How to describe the world as it is, and how to change it
Counterpoint’s latest issue focuses on how to describe the world as it is and how to change it. First to exemplify this is Lars Kleberg who relates how he and his colleagues set up a Swedish lexicon of translators and how their initiative was followed in other countries.
Elisabeth Gibbels conducted research on how translators’ encyclopedias from the late 19th and the beginning of the 20th century did not include a large number of important women. “Showing past contributions is vital,” she concludes, as it “offers an opportunity to change cultural memory”. Describing the world and changing it is often closely connected.
A demand for change is also heard when it comes to the imbalance of languages on the book market: most translations by far are from English, and a few other ‘big’ languages. Books written in so-called ‘small’ languages, however, are more rarely translated.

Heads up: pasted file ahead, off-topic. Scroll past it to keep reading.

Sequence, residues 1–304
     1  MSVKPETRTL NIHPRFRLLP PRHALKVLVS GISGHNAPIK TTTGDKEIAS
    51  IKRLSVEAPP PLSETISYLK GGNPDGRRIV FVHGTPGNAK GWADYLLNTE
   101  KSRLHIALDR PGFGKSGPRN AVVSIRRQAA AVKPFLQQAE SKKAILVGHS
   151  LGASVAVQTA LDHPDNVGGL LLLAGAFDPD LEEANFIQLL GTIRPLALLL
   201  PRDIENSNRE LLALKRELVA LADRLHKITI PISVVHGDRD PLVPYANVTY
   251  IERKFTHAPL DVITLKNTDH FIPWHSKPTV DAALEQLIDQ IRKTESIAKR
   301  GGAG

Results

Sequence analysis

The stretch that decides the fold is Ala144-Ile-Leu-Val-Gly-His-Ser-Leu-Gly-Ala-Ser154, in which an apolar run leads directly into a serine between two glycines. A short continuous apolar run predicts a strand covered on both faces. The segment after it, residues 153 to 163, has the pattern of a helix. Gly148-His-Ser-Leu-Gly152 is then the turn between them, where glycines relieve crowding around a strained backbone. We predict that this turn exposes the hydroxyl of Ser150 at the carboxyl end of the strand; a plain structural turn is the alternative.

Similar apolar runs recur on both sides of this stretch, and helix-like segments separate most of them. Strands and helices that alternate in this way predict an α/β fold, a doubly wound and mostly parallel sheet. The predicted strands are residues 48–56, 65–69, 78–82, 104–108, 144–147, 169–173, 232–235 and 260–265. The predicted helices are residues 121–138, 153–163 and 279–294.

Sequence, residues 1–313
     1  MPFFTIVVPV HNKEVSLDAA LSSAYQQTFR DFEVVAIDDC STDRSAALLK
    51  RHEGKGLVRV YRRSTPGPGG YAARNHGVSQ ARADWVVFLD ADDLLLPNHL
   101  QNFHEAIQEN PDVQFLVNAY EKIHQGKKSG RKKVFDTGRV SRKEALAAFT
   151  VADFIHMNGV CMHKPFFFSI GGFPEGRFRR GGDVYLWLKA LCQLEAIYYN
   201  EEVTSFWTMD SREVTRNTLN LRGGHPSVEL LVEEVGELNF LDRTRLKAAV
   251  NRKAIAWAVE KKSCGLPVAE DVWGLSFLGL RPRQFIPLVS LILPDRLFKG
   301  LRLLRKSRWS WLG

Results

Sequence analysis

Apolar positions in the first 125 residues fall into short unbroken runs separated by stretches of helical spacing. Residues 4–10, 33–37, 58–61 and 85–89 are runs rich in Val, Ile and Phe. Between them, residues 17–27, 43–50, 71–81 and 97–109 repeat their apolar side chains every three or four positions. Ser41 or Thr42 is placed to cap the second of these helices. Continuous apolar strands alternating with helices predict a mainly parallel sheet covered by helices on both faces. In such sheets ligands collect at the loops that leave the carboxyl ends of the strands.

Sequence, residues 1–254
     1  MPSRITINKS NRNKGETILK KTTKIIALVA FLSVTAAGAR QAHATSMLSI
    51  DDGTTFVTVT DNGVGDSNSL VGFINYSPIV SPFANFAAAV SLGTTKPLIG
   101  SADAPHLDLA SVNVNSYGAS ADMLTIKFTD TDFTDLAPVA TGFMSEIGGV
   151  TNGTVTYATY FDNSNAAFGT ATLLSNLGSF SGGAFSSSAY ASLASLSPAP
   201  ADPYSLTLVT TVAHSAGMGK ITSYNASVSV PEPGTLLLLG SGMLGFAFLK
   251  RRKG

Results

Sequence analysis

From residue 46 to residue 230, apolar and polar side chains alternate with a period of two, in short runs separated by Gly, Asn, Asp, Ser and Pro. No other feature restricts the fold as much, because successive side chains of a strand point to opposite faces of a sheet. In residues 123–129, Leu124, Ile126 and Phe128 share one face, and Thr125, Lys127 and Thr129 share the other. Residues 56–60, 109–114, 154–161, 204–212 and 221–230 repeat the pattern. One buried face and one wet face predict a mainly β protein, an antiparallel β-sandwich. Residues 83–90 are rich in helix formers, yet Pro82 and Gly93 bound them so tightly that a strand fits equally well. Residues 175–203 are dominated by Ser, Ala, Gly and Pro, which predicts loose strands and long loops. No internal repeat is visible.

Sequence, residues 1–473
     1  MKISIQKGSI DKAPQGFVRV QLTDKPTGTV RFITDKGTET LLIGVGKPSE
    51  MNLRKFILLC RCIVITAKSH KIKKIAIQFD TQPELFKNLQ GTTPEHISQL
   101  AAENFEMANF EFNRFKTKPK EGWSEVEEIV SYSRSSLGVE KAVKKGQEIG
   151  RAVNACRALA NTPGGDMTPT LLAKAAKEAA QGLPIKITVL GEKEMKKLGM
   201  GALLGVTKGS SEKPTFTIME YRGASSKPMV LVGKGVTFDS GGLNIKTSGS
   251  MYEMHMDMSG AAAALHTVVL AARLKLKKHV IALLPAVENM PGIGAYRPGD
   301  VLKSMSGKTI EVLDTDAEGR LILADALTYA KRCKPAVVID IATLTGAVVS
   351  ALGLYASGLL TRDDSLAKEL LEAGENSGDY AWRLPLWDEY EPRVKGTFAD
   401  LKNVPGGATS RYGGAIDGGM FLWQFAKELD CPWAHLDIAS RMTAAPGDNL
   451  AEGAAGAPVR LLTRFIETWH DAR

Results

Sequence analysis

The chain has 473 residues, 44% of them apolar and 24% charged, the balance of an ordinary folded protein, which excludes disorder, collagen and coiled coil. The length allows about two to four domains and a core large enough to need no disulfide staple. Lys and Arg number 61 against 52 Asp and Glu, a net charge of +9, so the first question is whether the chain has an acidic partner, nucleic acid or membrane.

One of the main challenges for redressing this imbalance is the limited number of translators for certain small languages. Two translators describe two different approaches to overcome this problem, both from their own experience.
Danish translator Nanna Lund translated a Hebrew and a Turkish novel, both from German. Never again, she vowed. Now she is about to translate Orhan Pamuk’s latest novel, from English. In her candid article she tells you why.
Elizabeta Lindner, a Macedonian translator of German, English and Serbian poetry, took intensive lessons in Latvian, and tells us how she started to translate Latvian poetry while still learning the language.
Can we, for the time being, leave this imbalance as it is? Can we, as Nayara Güércio asks, afford to keep waiting, or is cultural richness advanced by indirect translations, even if these are far from ideal?
We hope you enjoy this issue of Counterpoint over the coming winter.
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